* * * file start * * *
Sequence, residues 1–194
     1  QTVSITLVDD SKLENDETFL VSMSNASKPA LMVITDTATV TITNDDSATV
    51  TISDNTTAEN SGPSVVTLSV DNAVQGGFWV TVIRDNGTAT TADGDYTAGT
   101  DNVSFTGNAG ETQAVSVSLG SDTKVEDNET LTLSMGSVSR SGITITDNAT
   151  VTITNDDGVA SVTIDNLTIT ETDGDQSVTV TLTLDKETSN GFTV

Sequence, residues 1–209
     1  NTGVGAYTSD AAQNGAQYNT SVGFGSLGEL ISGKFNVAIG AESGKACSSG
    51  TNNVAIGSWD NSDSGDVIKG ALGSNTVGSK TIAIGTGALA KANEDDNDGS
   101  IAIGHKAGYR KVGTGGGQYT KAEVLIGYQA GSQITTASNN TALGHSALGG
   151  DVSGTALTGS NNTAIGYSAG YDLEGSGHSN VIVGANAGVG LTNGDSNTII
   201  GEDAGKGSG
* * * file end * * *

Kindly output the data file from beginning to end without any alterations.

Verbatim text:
Sequence, residues 1–194
     1  QTVSITLVDD SKLENDETFL VSMSNASKPA LMVITDTATV TITNDDSATV
    51  TISDNTTAEN SGPSVVTLSV DNAVQGGFWV TVIRDNGTAT TADGDYTAGT
   101  DNVSFTGNAG ETQAVSVSLG SDTKVEDNET LTLSMGSVSR SGITITDNAT
   151  VTITNDDGVA SVTIDNLTIT ETDGDQSVTV TLTLDKETSN GFTV

Sequence, residues 1–209
     1  NTGVGAYTSD AAQNGAQYNT SVGFGSLGEL ISGKFNVAIG AESGKACSSG
    51  TNNVAIGSWD NSDSGDVIKG ALGSNTVGSK TIAIGTGALA KANEDDNDGS
   101  IAIGHKAGYR KVGTGGGQYT KAEVLIGYQA GSQITTASNN TALGHSALGG
   151  DVSGTALTGS NNTAIGYSAG YDLEGSGHSN VIVGANAGVG LTNGDSNTII
   201  GEDAGKGSG